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Review
Peer-Review Record

Antimicrobials and Antibiotic-Resistant Bacteria: A Risk to the Environment and to Public Health

Water 2020, 12(12), 3313; https://doi.org/10.3390/w12123313
Reviewer 1: Anonymous
Reviewer 2: Leonardo Pagani
Reviewer 3: Anonymous
Water 2020, 12(12), 3313; https://doi.org/10.3390/w12123313
Received: 29 September 2020 / Revised: 8 November 2020 / Accepted: 16 November 2020 / Published: 25 November 2020

Round 1

Reviewer 1 Report

The review deals with a topic of global relevance and interest. It is well written and easy to follow as it has a clear thread. Also, it is scientifically sound.
However, for a review of such a relevant and recent topic, it seems to me that some of the literature is a bit outdated, and that more recent work about the presence of antibiotics and resistance genes in the environment should be incorporated. Most of the cited works ranged from 2011-2015, there are several recent works 2018-2019, concerning this topic that can be included in order to enhance the novelty of the review. 
On the other hand, the conclusion should be more robust, incorporating the different aspects or topics included in the development of the review.

 

Author Response

Please see the attachment

Author Response File: Author Response.pdf

Reviewer 2 Report

This is an interesting review that focus on the potential spread of AMR through the environment, especially waters.

Though not original, the topic always deserves attention and awareness, and therefore such kind of reviews are welcome.

The major concern of this paper stands on its overall structure: the first chapters are quite redundant and repetitive; the concepts are absolutely important, but are melted into and with others; to give an example, the chapter entitled "sub-inhibitory concentrations..." starts dealing with such a topic at line 101, more than half-length of the chapter; the difficult degradation of ciprofloxacin (not ciproflaxacine) in the soil is repeated at least twice, if not more, and other considerations on the diffusion of antimicrobials or ARG within the environment do the same.

Abbreviations and references style should carefully be revised, as they do not match the requirements.

I would suggest the author to rewrite this interesting review in a completely more straightforward way, and to avoid redundancies in order to catch the readers' attention and make the reading more attractive.

Author Response

Please see the attachment

Author Response File: Author Response.pdf

Reviewer 3 Report

Comments

Lines 41-42: Referring to antimicrobials in personal care products (which are surely antiseptics) in the middle of references to antibiotics is misleading. It implies that antibiotics are in these products. I think the author should avoid blurring the lines between antibiotics and non-antibiotic antimicrobials.

Lines 46-47: awkward. I suggest "Infections due to ARB result in higher mortality and morbidity rates than HIV..."

Line 62: "relatively inexpensive". This statement is not well supported. In the rest of the review, the author discusses the various inputs of antibiotics into the environment including manufacturing, human overuse, animal husbandry, and aquaculture. The required pollution controls and possible reduction in animal size and fish survival could well be costly. Additionally, expense is not the only problem, as coordination and cooperation among governments and between governments and industry could be difficult as the authors discuss near the end. I would suggest that the author modify this statement or provide some evidence that this would be an inexpensive fix.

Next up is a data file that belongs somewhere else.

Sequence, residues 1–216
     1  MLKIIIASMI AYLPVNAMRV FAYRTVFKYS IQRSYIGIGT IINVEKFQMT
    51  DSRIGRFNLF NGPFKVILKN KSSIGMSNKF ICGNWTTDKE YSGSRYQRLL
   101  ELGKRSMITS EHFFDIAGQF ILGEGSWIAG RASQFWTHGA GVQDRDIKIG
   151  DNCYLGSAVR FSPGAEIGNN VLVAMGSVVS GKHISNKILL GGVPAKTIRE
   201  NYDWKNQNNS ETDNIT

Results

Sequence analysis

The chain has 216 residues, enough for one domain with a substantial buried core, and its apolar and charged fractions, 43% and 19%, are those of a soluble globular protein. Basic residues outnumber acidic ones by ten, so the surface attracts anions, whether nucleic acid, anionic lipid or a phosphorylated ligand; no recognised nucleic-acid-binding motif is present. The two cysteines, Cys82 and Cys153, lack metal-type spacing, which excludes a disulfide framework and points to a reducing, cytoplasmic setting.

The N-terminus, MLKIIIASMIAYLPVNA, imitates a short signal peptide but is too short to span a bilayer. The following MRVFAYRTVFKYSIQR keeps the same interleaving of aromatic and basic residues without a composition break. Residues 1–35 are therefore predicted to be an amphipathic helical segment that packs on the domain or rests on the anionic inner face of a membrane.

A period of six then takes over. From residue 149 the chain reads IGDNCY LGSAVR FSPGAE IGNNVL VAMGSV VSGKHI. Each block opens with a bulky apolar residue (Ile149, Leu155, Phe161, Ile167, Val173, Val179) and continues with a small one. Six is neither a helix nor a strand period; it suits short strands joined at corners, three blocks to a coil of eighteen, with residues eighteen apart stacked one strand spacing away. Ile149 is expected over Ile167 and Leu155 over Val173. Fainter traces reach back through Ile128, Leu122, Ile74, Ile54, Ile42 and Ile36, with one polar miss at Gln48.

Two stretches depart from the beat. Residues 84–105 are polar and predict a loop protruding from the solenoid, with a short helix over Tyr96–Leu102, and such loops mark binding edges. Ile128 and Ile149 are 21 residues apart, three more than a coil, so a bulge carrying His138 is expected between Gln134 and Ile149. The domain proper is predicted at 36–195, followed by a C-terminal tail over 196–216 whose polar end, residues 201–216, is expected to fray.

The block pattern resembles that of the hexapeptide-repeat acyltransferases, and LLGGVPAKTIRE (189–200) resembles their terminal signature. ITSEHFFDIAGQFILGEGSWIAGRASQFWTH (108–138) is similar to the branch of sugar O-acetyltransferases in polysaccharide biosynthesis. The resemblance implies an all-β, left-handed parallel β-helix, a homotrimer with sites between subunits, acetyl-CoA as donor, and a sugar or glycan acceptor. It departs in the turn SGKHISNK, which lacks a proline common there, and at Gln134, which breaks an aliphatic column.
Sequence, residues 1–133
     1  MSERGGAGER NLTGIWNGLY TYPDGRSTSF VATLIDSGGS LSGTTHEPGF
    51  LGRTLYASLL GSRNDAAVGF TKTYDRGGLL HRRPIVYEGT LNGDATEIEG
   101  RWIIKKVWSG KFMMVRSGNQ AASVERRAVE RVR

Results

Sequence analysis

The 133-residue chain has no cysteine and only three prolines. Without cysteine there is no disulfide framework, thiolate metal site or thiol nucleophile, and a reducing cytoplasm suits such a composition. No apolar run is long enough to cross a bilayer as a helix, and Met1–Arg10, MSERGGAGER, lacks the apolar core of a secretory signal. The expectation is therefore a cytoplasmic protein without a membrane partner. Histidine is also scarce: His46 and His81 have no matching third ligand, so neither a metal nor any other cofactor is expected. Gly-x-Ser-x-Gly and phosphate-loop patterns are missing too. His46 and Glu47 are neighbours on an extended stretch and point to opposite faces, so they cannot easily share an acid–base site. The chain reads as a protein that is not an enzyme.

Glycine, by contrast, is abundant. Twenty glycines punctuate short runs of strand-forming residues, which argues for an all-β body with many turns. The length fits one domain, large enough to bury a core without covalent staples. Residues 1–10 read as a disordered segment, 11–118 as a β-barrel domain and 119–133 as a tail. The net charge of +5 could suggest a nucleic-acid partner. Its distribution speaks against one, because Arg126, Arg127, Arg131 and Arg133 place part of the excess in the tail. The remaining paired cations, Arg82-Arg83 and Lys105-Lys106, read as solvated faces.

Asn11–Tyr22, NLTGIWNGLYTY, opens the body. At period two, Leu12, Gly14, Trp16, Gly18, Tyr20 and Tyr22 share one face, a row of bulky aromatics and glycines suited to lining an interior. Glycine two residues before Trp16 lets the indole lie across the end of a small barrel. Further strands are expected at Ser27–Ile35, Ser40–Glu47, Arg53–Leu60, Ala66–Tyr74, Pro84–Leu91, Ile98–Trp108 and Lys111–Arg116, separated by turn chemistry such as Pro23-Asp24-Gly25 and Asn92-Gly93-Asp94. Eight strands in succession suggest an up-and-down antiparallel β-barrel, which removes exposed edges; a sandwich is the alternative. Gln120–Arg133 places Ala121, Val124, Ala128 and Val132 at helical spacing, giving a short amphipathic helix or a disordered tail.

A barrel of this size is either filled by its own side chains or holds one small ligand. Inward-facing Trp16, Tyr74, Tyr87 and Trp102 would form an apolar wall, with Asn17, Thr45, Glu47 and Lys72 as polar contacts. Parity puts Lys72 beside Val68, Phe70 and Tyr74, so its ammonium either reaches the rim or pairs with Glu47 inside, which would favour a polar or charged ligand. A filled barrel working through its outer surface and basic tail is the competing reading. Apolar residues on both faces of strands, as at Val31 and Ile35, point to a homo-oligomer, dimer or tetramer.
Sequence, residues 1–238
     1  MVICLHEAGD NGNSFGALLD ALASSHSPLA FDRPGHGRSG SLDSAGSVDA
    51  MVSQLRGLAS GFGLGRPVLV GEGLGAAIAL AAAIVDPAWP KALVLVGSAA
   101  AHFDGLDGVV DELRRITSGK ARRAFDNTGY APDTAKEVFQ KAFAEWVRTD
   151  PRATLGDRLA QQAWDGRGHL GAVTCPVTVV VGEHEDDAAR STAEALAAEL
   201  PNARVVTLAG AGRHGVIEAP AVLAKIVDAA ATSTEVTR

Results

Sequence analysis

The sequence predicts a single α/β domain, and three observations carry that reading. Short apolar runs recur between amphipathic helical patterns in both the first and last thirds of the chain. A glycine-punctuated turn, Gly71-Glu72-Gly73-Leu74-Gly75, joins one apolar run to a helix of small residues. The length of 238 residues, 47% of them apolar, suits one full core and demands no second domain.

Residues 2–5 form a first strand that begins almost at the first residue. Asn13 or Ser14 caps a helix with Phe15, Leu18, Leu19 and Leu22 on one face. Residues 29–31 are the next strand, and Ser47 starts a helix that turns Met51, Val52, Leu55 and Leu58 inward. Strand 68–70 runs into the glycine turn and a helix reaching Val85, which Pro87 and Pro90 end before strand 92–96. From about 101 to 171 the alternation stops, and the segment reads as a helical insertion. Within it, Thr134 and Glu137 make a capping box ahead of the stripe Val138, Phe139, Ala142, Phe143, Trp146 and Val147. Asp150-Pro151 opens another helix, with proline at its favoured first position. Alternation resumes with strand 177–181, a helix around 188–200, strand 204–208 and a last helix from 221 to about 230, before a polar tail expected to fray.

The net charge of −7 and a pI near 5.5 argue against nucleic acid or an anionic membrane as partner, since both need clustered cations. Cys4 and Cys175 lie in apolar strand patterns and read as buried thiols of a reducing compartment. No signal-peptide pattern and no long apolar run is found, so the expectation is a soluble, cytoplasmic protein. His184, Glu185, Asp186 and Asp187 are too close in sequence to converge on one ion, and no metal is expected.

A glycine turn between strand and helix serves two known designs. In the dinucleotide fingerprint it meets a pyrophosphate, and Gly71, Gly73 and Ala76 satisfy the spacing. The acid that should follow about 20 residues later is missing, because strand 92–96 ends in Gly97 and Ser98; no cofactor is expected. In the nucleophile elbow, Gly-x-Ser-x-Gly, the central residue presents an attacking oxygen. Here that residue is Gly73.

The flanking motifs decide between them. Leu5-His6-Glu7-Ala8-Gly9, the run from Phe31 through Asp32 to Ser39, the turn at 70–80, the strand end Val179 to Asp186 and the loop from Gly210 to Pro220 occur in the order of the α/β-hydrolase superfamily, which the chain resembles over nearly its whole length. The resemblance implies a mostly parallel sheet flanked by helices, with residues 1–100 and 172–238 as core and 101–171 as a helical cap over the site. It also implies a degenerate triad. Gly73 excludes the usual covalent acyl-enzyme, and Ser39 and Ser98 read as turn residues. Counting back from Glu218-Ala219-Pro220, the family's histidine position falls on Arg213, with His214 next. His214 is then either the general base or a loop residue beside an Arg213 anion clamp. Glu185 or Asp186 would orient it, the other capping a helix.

Line 83: "constant persistence" is redundant.

Line 103: "been found to cause alterations.."

Line 214: "as well as"; not "week'"

Line 246: This paragraph discusses concentrations of antibiotics found in different environmental locations. An earlier paragraph discussed effects of subinhibitory concentrations of antibiotics. However, is there evidence that the concentrations cited in this paragraph are high enough to cause any effects? It would be helpful if the two paragraphs could be connected in this way. Is 21.4 ng/L really high enough to have any biological effect? We are not told.

Line 298-299: The author refers to antibiotic resistant bacteria being transferred from food animals to humans and cite reference 108 Kummerer. This is a rather controversial area, and while there is plenty to fear for such transfer, the article cited is another review article discussing the potential. If there is direct evidence of transfer of ARB from animals to humans, the author should say so and cite it. If the evidence is not there, the author should refer to the potential for transfer and not imply such transfer actually occurs without backing it up.

 

Author Response

Please see the attachment

Author Response File: Author Response.pdf

Round 2

Reviewer 2 Report

The paper has now improved with some revisions by the authors. Very few changes in style and formatting still required, to be solved in copy editing phase.

The paper can be accepted

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